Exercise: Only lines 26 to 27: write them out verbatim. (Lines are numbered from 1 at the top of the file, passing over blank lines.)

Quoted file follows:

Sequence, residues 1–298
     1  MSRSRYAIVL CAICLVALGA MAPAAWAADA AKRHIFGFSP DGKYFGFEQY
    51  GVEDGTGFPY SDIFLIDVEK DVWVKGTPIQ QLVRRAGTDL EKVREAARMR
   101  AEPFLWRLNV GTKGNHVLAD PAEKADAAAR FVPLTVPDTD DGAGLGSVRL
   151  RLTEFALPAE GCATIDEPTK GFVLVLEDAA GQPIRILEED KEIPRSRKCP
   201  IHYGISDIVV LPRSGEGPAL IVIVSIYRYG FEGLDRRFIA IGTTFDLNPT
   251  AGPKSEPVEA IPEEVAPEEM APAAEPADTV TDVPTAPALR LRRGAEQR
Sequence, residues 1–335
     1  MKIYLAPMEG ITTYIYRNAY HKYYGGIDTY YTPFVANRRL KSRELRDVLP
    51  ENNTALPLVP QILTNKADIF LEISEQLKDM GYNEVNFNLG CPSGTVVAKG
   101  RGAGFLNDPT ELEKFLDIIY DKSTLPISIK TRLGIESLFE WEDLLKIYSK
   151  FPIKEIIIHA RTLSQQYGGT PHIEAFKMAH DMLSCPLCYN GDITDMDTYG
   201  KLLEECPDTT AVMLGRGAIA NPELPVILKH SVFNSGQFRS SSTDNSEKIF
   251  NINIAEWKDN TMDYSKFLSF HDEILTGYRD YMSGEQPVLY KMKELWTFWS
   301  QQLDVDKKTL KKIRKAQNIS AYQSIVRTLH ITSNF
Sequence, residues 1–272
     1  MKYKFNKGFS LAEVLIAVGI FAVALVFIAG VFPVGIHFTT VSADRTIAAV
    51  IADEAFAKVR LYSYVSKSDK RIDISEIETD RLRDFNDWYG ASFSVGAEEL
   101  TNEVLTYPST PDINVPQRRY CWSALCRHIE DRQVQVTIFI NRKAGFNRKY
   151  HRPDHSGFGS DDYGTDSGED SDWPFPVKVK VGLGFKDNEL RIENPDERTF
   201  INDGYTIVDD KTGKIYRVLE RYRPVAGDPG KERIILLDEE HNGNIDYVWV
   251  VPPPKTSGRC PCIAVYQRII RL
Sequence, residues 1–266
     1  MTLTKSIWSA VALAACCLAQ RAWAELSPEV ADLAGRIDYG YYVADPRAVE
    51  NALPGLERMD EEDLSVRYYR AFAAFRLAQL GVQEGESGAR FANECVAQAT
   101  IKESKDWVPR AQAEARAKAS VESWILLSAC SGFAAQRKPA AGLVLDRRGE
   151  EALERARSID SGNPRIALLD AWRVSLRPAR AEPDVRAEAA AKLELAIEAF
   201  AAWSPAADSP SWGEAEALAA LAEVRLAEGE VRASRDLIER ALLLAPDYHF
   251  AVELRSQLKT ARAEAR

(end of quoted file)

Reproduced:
   101  IKESKDWVPR AQAEARAKAS VESWILLSAC SGFAAQRKPA AGLVLDRRGE
   151  EALERARSID SGNPRIALLD AWRVSLRPAR AEPDVRAEAA AKLELAIEAF